A couple of years ago I heard a fascinating report on NPR news about some child psychology studies that established a strong link between make-believe play and the development of “executive functions” in children (see link on right to report). Executive functions are those operations of the mind having to do with goal-setting, strategizing/planning, self-regulation, self-governing, etc. Other studies have shown that the maturity of one’s executive functions is the greatest predictor of success (more than IQ, SAT scores, etc.) and that these functions are strikingly undeveloped in the current generation of young adults.
If you have ever observed children engaged in make-believe (I delight observing my own children in this!), it won’t take long to notice that as they pretend they create structure and order in the form of setting goals to pursue in the “game,” assigning roles to the participants (both animate and inanimate!), and establishing rules for the participants to follow. As the game progresses, you will hear children enforcing these rules on the participants (“you can’t do that!). Violating one’s assigned role invites a critical response (“But daddy, you’re supposed to be the good knight!) and correction.
After hearing this report my eyes were opened to the meaning of these seemingly mundane childrens’ actions during play. The connection to executive functions was clear: they are practicing what independent adults must do but in an imaginary realm. Every time my 4-year-old son wants to make up a game I will ask him what the goal is and what is his plan for reaching it. I love to hear him say, “Well, first we’re going to do this and then this, and then…” and also create the rules, e.g. “Rule #1 – No hitting in the face with our swords; Rule #2 – You can’t hide in the bathroom.”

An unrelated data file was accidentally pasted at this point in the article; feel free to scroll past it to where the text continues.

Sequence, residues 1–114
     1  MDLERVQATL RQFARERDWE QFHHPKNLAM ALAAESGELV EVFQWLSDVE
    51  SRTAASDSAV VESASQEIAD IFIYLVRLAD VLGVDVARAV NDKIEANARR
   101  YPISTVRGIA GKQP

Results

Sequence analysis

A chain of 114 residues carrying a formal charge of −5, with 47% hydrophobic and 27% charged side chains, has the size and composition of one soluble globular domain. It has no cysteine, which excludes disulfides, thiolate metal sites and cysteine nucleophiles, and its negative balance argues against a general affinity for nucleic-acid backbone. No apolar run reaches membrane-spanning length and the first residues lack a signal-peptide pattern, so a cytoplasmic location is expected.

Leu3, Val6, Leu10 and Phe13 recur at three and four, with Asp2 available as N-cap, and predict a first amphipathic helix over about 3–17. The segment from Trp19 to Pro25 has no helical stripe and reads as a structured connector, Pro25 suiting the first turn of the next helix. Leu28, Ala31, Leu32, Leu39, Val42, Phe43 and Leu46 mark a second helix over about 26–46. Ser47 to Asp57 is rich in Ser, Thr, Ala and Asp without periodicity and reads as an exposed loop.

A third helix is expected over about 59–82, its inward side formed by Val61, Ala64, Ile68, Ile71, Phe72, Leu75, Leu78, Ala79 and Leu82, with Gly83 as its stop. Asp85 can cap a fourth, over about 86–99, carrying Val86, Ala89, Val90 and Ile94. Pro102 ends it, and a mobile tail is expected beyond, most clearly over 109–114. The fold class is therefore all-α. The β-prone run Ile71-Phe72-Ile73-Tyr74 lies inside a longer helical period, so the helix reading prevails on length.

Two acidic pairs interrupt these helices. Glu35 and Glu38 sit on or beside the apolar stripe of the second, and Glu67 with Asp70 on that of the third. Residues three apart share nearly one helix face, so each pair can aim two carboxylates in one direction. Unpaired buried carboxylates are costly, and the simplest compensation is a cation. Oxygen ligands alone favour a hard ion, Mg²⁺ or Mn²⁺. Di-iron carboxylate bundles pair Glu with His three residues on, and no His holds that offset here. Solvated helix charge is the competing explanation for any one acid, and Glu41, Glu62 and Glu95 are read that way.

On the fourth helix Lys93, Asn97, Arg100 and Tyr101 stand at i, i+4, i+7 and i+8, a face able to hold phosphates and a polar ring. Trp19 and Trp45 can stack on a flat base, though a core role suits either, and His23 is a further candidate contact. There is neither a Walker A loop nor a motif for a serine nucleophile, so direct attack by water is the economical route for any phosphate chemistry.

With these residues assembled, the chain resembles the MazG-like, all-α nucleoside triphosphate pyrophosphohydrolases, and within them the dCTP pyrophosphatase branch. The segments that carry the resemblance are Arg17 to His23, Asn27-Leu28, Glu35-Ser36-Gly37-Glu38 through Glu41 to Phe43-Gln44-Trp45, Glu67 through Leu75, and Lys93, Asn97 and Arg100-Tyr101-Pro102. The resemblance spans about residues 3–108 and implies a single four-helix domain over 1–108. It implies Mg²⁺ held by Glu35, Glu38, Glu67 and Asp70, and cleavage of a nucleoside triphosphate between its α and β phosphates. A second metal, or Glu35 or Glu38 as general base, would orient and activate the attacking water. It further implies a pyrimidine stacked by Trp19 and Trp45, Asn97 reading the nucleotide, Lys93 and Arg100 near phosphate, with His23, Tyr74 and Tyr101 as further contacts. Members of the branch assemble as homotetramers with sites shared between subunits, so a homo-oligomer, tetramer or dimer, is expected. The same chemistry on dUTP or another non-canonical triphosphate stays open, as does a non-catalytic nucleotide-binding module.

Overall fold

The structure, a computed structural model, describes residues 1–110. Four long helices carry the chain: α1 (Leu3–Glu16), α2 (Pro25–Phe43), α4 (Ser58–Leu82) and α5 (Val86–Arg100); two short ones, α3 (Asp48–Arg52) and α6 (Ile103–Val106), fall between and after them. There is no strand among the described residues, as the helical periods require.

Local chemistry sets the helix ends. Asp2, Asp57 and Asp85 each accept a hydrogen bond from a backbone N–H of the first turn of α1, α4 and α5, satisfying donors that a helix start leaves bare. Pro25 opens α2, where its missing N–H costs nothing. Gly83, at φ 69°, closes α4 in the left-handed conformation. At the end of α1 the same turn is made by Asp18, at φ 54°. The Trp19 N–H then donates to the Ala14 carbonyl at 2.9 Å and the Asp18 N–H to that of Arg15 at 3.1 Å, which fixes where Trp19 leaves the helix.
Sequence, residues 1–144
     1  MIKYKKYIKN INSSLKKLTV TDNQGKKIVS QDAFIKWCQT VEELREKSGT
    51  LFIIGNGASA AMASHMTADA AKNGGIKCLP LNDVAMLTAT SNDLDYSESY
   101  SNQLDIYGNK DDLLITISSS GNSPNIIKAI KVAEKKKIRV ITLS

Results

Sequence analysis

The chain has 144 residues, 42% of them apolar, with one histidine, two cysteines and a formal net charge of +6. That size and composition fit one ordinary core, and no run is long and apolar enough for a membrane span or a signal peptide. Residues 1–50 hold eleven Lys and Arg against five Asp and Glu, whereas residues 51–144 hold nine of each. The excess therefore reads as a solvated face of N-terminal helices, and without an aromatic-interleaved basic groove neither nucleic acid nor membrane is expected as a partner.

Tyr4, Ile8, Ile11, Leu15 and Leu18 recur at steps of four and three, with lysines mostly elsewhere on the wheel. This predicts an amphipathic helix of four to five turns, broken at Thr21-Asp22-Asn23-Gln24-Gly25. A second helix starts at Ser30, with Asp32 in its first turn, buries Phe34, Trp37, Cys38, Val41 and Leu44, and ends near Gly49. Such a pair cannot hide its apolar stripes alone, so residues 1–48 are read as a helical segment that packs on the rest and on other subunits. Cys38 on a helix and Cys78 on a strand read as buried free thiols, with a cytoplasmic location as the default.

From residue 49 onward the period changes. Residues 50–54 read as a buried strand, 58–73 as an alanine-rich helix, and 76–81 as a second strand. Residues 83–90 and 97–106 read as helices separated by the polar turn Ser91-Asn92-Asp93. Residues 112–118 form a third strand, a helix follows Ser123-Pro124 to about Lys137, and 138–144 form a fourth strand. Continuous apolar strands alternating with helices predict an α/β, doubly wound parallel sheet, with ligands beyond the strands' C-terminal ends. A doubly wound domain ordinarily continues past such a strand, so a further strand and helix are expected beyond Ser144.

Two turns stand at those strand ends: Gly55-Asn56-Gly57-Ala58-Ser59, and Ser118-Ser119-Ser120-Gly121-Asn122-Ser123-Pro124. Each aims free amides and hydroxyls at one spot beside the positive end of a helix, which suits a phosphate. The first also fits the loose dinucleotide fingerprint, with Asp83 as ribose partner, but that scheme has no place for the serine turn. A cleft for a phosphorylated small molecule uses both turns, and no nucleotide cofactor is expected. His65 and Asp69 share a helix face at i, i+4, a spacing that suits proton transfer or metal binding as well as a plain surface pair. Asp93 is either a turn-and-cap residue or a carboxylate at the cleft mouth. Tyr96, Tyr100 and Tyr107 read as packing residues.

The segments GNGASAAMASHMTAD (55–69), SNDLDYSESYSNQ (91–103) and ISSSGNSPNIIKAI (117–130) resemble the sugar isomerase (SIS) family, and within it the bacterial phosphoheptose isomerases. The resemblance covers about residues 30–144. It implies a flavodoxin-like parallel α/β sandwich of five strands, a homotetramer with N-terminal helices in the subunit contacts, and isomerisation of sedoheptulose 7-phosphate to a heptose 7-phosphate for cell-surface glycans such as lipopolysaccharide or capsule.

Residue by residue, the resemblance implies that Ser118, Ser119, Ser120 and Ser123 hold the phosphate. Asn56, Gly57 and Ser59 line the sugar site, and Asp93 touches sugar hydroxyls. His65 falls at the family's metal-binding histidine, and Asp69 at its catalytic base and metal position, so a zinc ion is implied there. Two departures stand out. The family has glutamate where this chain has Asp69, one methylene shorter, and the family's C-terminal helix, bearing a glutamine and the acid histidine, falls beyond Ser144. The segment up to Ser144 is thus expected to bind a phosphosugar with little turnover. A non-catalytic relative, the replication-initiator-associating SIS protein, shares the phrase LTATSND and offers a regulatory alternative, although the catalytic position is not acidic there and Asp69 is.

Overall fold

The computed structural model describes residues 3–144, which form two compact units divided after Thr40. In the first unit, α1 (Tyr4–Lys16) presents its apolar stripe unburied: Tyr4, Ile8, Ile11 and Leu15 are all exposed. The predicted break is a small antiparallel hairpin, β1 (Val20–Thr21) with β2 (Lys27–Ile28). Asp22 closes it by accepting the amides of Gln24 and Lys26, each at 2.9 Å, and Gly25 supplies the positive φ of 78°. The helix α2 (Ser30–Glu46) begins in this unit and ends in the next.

Scripture reveals that we are made in the image of God, sharing certain characteristics with the divine that make us unique among all other creatures and that enable us to fulfill our God-given mandate “to rule and have dominion” over creation as God’s representatives. Surely our executive functions are among these unique characteristics and the development of them is vital to fulfilling what is called “the cultural mandate.” Therefore, the paucity of these higher cognitive functions among our youth and the development of them in children should concern Christians greatly.
There is a great deal to explore here. Later I will share some of my observations of how I see executive functions lacking in high schoolers and speculate on the societal consequences.